Alfredo Carrato, investment and open innovation advisor at Cemex Ventures (NYSE:CX), and Andres Ponce, founder and chief executive at WtEnergy, explore the role of energy-from-waste solutions in turning the construction sector circular.
- US landfills receive 145 million tonnes of construction waste each year.
- Meanwhile, 15% of the industry’s energy usage comes from firing cement kilns.
- Energy-from-waste solutions today heavily decarbonize traditional incineration processes, creating greener cement production and a cleaner industry.
The erupting volcanoes of the construction industry, that is to say, cement kilns, require exceptionally high temperatures to produce crucial ingredients such as clinker. Indeed, cement production accounts for nearly 15% of the industry’s annual energy usage. And that’s only to produce material used for the foundation of construction. At the other end of a construction project’s lifecycle, concrete debris, wood scraps, plastic packaging, and other discarded materials fill landfills with roughly 145 million tons of waste each year in the US alone.
The Paris Agreement states that $4 trillion needs to be invested in renewable energy per year until 2030 to reach net zero emissions by 2050. So, one notable approach addressing the environmental impact of both fossil fuel incineration and waste management pollution is converting waste into energy.
Let’s find out how Energy-from-Waste (EfW) conversions can foster a sustainable and resource-efficient industry.
Unveiling the hidden menace: landfilled waste and CO2
Landfill gas consists of equal parts CO2 and methane, a potent greenhouse gas roughly 25 times more potent at trapping atmospheric heat than CO2.
In 2021, municipal solid waste (MSW) landfills accounted for approximately 14.3% of the US’s methane emissions – the equivalent of CO2 from energy use in 13.1 million homes. Besides the significant waste of resources from landfilling’s linear ‘take-make-dispose’ approach, the CO2 released during waste decomposition also damages the environment.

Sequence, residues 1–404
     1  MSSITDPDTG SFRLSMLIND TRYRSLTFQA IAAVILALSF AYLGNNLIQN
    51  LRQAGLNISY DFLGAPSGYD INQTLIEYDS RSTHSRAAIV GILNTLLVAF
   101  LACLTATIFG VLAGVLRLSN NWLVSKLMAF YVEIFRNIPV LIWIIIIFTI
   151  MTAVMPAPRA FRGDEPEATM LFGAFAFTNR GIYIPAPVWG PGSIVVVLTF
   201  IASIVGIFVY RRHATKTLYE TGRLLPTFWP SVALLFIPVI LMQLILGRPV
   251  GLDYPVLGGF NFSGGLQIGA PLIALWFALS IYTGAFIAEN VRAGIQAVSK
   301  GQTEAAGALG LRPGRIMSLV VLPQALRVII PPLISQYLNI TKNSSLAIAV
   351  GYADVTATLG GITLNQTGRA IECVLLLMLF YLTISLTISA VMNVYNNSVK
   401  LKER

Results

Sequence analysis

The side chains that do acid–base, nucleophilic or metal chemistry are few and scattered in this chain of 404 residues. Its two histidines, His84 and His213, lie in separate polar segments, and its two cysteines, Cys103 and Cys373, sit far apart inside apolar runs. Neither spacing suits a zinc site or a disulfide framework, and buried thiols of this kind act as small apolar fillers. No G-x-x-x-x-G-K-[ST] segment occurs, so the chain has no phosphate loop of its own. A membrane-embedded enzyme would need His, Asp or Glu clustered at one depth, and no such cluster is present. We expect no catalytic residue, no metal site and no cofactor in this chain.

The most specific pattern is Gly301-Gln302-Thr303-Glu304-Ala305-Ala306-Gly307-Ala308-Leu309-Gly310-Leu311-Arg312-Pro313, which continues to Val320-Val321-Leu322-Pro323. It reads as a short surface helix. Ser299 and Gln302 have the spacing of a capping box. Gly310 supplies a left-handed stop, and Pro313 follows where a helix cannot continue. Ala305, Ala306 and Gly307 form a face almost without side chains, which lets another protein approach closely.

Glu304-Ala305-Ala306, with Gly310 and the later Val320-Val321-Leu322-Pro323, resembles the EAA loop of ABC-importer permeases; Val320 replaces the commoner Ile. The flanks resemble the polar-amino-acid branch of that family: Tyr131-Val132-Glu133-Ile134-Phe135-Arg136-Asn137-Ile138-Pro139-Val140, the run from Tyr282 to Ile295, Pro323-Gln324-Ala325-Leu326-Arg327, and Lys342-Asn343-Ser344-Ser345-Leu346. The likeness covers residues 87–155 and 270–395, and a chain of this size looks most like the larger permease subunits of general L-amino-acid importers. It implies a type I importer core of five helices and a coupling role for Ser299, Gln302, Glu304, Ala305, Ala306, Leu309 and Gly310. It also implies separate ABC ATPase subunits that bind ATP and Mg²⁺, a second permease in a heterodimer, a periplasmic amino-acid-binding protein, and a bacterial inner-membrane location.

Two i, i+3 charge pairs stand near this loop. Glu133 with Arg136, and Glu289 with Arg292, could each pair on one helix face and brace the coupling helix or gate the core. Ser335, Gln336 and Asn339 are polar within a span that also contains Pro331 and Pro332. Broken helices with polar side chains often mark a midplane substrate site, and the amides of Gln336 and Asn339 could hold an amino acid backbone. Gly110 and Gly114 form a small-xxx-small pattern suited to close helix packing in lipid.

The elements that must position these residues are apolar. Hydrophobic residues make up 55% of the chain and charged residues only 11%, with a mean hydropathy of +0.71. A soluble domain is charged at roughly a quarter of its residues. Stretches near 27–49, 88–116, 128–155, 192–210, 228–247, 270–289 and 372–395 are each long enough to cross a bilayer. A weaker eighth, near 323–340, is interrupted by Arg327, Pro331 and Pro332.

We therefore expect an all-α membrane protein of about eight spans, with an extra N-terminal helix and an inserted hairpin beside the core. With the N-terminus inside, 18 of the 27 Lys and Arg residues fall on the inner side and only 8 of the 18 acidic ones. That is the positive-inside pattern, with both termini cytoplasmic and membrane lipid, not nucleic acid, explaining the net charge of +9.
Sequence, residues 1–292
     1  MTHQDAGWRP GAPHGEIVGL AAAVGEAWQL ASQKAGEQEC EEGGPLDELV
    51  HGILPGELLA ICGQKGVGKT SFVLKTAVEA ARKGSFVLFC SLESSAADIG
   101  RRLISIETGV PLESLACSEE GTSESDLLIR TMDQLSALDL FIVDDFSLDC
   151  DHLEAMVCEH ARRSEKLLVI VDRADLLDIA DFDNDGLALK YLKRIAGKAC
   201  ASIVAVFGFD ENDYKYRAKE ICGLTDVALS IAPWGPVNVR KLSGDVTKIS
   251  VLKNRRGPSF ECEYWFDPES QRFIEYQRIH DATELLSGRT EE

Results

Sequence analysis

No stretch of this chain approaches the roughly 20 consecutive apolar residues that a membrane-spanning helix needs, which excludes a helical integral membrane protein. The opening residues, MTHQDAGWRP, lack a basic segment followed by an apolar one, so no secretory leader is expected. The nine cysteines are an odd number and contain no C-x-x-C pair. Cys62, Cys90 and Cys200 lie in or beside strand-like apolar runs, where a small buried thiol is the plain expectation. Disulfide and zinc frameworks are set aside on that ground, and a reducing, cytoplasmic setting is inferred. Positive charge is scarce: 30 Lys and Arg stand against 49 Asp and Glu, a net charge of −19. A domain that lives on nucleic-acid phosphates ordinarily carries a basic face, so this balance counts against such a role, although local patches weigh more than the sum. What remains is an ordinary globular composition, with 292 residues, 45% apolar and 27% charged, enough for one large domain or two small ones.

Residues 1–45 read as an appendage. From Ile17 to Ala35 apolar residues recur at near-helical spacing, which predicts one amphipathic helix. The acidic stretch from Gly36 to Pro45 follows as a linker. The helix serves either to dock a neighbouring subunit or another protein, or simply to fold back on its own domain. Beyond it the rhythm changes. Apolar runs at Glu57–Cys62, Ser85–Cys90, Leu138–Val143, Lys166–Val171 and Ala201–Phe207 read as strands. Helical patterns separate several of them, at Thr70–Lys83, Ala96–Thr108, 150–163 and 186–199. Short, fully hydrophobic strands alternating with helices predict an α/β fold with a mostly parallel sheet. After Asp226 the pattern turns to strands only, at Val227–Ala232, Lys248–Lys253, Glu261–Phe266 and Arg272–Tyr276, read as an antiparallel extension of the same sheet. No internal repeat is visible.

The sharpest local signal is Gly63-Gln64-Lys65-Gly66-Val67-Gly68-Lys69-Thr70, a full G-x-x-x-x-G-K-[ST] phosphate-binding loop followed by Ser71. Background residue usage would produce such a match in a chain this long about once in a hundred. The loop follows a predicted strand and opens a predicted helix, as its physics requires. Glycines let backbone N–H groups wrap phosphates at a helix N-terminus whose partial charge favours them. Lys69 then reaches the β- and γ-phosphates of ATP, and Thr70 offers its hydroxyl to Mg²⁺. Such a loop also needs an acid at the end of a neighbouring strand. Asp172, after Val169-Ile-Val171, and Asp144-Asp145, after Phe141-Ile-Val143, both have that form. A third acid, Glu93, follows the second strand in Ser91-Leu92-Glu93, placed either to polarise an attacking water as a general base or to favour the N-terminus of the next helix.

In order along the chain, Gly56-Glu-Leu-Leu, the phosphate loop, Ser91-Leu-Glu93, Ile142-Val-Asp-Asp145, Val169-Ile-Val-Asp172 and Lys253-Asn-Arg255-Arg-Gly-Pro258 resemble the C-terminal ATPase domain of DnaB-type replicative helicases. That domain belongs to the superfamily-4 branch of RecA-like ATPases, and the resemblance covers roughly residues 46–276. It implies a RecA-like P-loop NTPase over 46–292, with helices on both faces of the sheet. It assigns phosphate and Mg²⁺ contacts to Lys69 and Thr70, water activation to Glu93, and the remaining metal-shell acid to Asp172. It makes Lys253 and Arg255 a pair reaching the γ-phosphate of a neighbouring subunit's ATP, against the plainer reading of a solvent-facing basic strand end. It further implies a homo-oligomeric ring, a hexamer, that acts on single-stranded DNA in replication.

The circular economy is an alternative practice that is restorative and regenerative by design, meaning that materials and products are kept in use for as long as possible thus minimizing waste. However, such waste products can be difficult to separate for reuse which is where Cleantech companies come in.
Converting waste into energy: Fostering a circular economy in construction
Traditionally, the construction industry has relied on fossil fuels, such as coal or oil, to fire kilns and create clinker, releasing significant amounts of CO2 into the atmosphere as a result. However, switching out virgin resources like coal and oil for waste-derived fuels can significantly reduce the industry’s carbon footprint, not to mention conserve natural habitats and finite resources along the way.
Take Waste to Energy Advanced Solutions (WtEnergy), for example. The Spanish cleantech company converts biomass and non-recyclable waste into syngas, ridding it of chlorine (CI). Removing CI from waste significantly increases the appropriate amount that can then be used for firing cement kilns.
While its purpose as a fossil fuel alternative is valuable in the short term, looking further to the future, it can be transformed into different clean energy sources such as biomethane or pure hydrogen gases. It’s this out-of-the-box thinking that disrupts the recycling space.
Nevertheless, depending on the waste composition and incineration conditions, converting waste to energy can also release certain greenhouse gases, such as CO2, methane, nitrous oxide, and particulate matter, albeit still significantly less than with traditional fossil fuels.
To remove the remaining CO2 produced from cement production with waste-to-fuel solutions, companies such as ETFuels are proposing Carbon Capture and Utilization initiatives through which up to 450,000 metric tons of carbon dioxide emissions from cement production are combined with green hydrogen to synthesize e-methanol to fuel the marine transportation industry.
Converting waste into alternative fuel sources, together with capturing and utilizing residual carbon emissions, are transformative steps towards circularity in the construction sector – and we’re only scratching the surface. These processes are also accelerating collaboration across the heavy industries to reach a net zero CO2 economy faster, whilst construction companies maximize their resource efficiency and minimize their reliance on finite resources by discovering the business models of up-and-coming cleantech startups with a synergistic mindset.
The opinions of guest authors are their own and do not necessarily represent those of SG Voice.